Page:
"Once the fruits are harvested and in storage, managing ethylene becomes especially important as different kinds of fruits emit ethylene at different rates and others are highly sensitive to ethylene and will deteriorate quickly when it’s present."

He says this last point is particularly important when dealing with avocados, for example.

"Storing an ethylene-sensitive fruit such as avocados with an ethylene-emitting fruit such as apples will result in overripe avocados with little shelf-life. Multiply this by hundreds of warehouses and you will have a serious financial impact.

"Sometimes ethylene comes from other sources during the storage or shipping process. For instance, gas-powered forklifts used to transport containers of produce emit ethylene which can degrade the produce, reduce its flavor or destroy shelf-life.

"Fruits like kiwifruit, bananas and tomatoes are brought to a ripened state through the deliberate application of ethylene. Again, the amount of ethylene affects the produce with too much degrading the fruit and too little resulting in unripe produce. The F-900 brings precision to this process.

At the core of the F-900 is the PolarCept electrochemical sensor technology that is so sensitive it records real-time data, even registering extremely low levels.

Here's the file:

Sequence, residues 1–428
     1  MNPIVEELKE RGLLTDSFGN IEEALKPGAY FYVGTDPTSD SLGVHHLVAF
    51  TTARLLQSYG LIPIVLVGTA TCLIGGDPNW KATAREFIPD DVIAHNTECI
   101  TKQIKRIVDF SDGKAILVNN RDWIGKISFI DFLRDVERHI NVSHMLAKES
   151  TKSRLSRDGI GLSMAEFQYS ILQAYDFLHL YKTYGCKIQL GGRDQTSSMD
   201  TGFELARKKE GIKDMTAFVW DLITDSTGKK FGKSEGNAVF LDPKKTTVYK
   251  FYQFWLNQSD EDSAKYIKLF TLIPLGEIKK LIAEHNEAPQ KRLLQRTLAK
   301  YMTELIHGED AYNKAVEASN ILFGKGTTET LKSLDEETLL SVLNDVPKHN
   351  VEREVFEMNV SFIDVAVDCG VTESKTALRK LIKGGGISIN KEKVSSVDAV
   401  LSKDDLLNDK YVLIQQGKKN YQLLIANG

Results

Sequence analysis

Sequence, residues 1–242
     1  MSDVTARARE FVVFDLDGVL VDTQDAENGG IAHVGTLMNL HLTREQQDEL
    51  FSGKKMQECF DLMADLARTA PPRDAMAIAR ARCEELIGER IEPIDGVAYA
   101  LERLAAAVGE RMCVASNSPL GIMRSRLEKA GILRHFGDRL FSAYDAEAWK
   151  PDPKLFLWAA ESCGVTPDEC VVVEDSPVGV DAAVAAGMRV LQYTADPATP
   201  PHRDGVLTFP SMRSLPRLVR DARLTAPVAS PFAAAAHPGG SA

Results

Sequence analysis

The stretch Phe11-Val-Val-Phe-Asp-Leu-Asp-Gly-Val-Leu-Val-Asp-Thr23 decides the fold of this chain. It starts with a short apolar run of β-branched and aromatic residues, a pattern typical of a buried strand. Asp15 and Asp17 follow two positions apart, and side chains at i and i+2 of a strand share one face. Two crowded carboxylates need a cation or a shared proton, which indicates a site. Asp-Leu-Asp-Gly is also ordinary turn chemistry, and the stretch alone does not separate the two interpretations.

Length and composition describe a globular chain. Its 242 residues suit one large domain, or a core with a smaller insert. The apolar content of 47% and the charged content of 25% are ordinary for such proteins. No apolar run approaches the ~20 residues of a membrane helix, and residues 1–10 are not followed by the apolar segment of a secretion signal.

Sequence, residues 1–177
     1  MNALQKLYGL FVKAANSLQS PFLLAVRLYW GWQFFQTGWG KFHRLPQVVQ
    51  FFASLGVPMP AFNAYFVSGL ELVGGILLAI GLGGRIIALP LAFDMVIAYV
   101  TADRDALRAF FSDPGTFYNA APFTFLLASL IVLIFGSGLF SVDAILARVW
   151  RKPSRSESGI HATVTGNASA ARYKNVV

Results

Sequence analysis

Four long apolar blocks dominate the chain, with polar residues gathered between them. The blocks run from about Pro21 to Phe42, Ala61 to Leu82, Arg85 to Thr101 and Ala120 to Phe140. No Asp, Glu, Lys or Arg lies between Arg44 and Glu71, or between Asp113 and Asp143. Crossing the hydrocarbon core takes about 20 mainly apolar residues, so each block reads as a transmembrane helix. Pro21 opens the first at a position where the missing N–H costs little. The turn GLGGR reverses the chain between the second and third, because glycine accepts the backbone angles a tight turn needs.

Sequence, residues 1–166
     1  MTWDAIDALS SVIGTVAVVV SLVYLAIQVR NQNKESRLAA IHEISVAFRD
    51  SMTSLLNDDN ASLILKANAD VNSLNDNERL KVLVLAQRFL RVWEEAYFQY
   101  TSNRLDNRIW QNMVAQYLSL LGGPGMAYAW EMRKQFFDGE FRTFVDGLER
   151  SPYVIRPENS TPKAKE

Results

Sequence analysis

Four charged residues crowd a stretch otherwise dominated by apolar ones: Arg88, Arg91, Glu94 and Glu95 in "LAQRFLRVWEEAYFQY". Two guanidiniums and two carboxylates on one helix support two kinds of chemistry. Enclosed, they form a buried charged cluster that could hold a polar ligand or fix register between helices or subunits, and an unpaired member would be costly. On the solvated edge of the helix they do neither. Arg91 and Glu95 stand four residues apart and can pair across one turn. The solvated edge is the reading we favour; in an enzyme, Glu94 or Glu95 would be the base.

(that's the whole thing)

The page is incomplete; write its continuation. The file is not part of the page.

"Until now the only highly-sensitive method for measuring ethylene has been to use a gas chromatograph, an expensive and unwieldy device that by necessity is used in laboratory settings.

"The F-900 employs an electrochemical process to achieve the same sensitivity, all with a far smaller, portable and less expensive device. Because it’s light and portable, it has far more application in field research as users can carry it easily into the field to do tests."

Felix Instruments explains two impacting trends occurring in the fresh produce industry right now that make the F-900 a particularly interesting, useful and topical product.

The first, it says, is that generally there is increased customer expectations when it comes to the ripeness of fruit. Consumers want their fruit to be at the perfect maturity, delicious and ready to eat as soon as possible or shortly after purchase.

Larman gives a good example.

"Consumers are unwilling to settle for imperfect fresh produce and the final point of sale like grocery storage rooms need every tool they can get to present a fresh, sellable product," he says.

"As an example of this trend, one recent inquiry we received was from a Las Vegas casino caterer who was looking for a technology to make sure that the fresh fruits allocated to the 'penthouse high rollers' not only looked perfect but were ideally ripened and tasted perfect."

The second is the increasing importance of branding. As more and more companies brand fruit products – think Wonderful™ Halos™ Mandarins, Cuties California Clementines® and more recently the Saboro fruit brand by Indian company Mahindra – comes the responsibility of offering a consistent high quality that becomes synonymous with the brand name; reliability is a key factor.

"Careful management at every stage of the fruit production process is critical to brand success and ethylene management is an important part of that process," Larman adds.